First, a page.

Analog cameras, meanwhile are much easier to maintain.  Shutters are probably the hardest item to rebuild, but even those can be manufactured in a modest machine shop so long as the machinist understands how shutters work.  Otherwise, a camera is a box with a hole on one end. <p>
And although I can't make my own image sensor (even though I have access to a semiconductor fab line, it would be a very difficult and expensive process), I could make my own glass plates.  If Matthew Brady can make glass plates in a tent on a Civil War battlefield, I think that I can manage to make some for myself.
<p>
Digital systems have a lot of advantages.  Long-term maintenance is not one of them.  Specialized parts eventually fail.  The manufacturing systems used to build them also go out of service.  When we use computers to build long-lived systems, we need to think carefully about the future.

Thursday, February 9, 2017

Early Circuit Degradation in Atom

A post from Anandtech here describes what seems to be an early circuit degradation problem in Atom C2000.

Tuesday, February 7, 2017

Article on TVs that Spy on Viewing Habits

Extremetech reports here on the extensive spying on viewing habits and system configuration characteristics performed by Vizio TVs.

Friday, February 3, 2017

What Are You Buying?

A widely held principle in the law is that software is intangible; when you pay for software, you are purchasing a license to use that software. The law generally holds that software is fundamentally different from tangible goods.  Of course, we have discussed in an earlier blog post about the physical representation of software.  My book The Physics of Computing uses the computation of the mass of a bit as an example (Q = CV; m_bit = m_qQ).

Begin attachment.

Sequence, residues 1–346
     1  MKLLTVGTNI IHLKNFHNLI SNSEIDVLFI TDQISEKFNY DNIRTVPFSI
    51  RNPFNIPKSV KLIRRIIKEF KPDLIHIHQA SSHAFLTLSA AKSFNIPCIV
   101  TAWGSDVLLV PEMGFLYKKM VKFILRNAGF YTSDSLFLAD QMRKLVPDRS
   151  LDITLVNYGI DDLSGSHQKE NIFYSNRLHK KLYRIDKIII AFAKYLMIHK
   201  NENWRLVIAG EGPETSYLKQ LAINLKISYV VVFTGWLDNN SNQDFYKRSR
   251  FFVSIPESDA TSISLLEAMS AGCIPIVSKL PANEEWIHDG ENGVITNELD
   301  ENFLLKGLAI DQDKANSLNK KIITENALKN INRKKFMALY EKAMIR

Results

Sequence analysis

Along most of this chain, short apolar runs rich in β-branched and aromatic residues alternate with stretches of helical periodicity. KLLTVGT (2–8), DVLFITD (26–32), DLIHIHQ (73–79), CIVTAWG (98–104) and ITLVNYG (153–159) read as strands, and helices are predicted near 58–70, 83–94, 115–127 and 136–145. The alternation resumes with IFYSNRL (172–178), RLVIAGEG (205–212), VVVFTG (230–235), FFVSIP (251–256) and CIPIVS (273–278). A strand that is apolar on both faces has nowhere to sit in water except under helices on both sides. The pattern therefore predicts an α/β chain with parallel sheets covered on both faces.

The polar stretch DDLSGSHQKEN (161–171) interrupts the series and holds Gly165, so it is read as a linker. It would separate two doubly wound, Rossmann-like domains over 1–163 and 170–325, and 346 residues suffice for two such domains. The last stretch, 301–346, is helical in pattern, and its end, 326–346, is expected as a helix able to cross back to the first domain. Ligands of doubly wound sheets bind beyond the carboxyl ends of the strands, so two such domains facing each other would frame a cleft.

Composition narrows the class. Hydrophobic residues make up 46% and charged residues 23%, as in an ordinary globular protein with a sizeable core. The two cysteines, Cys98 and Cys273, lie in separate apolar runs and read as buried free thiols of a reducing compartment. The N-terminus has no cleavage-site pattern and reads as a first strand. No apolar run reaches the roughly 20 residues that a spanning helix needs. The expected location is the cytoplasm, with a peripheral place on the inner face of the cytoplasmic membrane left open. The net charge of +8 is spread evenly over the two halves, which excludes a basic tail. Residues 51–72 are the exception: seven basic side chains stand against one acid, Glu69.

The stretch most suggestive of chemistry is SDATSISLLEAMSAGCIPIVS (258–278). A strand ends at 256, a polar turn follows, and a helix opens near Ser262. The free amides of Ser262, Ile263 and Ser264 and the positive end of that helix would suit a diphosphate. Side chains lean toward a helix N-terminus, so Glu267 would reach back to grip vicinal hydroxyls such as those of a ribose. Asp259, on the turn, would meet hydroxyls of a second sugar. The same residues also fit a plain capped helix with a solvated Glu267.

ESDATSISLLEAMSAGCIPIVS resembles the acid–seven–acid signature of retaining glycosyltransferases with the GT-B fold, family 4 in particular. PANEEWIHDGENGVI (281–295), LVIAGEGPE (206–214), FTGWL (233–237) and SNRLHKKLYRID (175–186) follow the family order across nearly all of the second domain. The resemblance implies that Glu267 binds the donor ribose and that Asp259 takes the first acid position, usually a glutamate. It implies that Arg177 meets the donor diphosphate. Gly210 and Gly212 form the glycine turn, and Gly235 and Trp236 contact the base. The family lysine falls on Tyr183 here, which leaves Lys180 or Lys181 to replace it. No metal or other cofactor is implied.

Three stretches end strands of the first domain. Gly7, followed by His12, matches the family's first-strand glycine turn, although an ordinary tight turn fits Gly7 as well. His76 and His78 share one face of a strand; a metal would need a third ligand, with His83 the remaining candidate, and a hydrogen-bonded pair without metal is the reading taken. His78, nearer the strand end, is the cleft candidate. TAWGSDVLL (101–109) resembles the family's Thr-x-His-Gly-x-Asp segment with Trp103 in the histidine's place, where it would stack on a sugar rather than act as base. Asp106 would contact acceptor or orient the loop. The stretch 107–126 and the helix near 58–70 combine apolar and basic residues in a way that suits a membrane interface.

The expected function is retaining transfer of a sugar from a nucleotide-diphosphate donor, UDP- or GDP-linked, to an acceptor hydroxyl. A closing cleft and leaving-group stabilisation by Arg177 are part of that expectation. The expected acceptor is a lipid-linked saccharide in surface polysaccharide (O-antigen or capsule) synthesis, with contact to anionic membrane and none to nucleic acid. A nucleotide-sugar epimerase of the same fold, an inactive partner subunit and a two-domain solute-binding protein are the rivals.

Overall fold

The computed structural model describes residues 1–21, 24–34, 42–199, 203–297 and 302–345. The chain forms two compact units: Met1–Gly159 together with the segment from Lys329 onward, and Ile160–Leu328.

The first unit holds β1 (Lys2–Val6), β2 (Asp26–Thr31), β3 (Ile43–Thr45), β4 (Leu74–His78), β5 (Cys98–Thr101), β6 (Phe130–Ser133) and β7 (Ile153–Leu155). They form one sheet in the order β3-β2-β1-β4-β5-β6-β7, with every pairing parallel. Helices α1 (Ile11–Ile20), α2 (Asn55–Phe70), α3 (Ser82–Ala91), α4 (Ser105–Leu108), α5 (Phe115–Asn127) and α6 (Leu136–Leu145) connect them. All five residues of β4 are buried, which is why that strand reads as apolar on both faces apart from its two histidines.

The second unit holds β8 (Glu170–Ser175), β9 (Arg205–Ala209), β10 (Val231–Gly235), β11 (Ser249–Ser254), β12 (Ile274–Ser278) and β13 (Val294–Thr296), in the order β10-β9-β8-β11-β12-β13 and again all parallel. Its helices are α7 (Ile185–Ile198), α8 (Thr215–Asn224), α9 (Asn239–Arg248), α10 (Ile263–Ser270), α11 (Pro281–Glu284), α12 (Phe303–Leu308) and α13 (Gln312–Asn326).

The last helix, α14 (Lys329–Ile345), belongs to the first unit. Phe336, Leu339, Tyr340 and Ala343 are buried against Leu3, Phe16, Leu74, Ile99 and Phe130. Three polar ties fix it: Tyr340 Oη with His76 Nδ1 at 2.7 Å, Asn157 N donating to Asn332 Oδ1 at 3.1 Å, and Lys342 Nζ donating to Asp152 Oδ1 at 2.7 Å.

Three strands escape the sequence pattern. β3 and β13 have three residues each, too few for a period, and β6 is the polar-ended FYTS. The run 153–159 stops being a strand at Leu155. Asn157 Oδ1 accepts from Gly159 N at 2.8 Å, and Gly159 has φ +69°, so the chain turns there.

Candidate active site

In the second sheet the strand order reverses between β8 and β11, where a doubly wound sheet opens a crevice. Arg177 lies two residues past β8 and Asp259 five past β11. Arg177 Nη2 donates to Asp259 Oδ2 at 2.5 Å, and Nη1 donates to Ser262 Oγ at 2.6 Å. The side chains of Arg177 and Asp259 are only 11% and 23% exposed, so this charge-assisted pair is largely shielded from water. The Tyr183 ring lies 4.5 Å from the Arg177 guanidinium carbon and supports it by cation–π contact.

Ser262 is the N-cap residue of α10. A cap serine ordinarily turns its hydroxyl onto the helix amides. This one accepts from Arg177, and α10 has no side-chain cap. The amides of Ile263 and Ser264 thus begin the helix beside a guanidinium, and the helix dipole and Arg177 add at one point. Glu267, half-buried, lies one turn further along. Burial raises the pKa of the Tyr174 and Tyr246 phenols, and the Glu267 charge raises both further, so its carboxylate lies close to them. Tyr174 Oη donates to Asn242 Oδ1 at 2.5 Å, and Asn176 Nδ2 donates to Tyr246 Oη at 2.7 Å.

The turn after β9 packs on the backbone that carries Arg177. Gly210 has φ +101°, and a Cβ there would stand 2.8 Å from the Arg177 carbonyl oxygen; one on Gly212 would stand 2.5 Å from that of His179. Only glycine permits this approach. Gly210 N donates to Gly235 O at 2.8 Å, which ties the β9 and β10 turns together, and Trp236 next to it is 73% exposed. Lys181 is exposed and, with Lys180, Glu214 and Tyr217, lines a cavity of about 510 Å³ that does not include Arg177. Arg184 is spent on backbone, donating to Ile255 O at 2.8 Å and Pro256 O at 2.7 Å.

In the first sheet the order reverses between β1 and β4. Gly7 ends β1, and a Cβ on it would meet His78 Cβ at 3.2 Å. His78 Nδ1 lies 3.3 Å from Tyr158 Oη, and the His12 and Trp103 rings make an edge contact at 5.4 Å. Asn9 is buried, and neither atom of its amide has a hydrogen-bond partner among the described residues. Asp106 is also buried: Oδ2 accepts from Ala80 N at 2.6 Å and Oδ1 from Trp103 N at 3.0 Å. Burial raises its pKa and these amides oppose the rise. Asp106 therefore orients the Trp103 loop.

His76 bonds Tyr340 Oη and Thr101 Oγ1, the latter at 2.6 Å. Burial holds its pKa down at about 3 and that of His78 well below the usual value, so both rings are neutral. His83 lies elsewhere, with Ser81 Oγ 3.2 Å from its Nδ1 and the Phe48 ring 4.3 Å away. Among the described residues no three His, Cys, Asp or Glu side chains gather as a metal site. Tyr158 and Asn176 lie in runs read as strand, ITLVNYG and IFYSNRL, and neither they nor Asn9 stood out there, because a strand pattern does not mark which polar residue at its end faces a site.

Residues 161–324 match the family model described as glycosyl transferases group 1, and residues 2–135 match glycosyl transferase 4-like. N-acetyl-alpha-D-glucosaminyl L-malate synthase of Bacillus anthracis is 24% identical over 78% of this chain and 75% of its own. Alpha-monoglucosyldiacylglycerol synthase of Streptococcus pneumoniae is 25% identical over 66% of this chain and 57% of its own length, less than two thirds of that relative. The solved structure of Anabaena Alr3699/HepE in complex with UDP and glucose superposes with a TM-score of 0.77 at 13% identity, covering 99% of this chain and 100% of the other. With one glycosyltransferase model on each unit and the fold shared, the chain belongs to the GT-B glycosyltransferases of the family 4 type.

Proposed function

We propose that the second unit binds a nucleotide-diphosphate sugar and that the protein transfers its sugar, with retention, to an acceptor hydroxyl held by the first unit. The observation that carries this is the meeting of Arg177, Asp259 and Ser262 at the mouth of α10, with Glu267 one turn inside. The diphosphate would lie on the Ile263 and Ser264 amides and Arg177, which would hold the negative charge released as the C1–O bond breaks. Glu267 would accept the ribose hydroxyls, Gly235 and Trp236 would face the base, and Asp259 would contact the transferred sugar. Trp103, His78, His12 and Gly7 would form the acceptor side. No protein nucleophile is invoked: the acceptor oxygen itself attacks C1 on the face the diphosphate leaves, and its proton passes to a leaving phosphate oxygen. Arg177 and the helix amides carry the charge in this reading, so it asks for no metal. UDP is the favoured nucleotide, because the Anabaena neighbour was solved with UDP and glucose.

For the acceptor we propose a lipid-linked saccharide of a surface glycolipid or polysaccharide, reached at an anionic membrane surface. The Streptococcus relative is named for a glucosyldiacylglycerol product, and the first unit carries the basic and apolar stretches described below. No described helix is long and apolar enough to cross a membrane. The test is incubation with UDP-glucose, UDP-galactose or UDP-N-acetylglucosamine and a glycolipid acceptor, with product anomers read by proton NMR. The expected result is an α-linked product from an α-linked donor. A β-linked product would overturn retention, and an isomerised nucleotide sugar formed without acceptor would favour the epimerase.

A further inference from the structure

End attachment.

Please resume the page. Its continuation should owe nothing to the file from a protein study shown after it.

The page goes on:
<p>
But the line of reasoning of the legal profession has a more fundamental flaw.  When I buy a car, no one bothers to consider whether I am purchasing a license to make my own copies of the car.  Everyone agrees that I am buying a physical object, no questions asked.  In the 20th century, when building a car was a hard, long job, this scenario was a no-brainer.  But 3-D printing changes the equation.  We can assume that someone will, sooner or later, scan an entire car and 3D print a copy.  So where is that fundamental distinction between cars and software?

Friday, January 27, 2017

50th Anniversary of Apollo 1 Disaster

Fifty years ago today, January 27, 1967, a fire on the launchpad during a test killed the entire crew of Apollo 1: Virgil I. "Gus" Grissom, Edward H. White II, and Roger B. Chaffee.  Their sacrifice has not been forgotten.  You can find NASA's report on their Day of Remembrance here.

Monday, January 23, 2017

Article on Samsung Galaxy Note 7 Battery Fires

Anandtech reports here on Samsung's report on the casues of Galaxy Note 7 fires.  They found different manufacturing problems in the batteries from two different manufacturers. 

Friday, January 20, 2017

Monday, January 16, 2017

Reports on Galaxy Note 7 Battery Fires

Reuters reports here that a Samsung report will include that the main cause of Galaxy Note 7 fires was the battery, not computer hardware or software.

Saturday, January 14, 2017

US Department of Commerce Report on IoT Security

Reader K. V. Arjun passed along this news article on a report by the U. S. Department of Commerce that recommends the development of standards for IoT security.

Sunday, January 8, 2017

Movie on The Lousy State of IoT Security

My friend Dimitrios Serpanos introduced me to this new movie starring Pierce Brosnan of 007 fame on the subject of IoT and smart home security.

Thursday, January 5, 2017

Yet More Stupid Ideas in Consumer Electronics

Extremetech reports here on the new Bluetooth-enabled toaster announced at this week's Consumer Electronics Show.  The article is extremely funny but the product is all too real.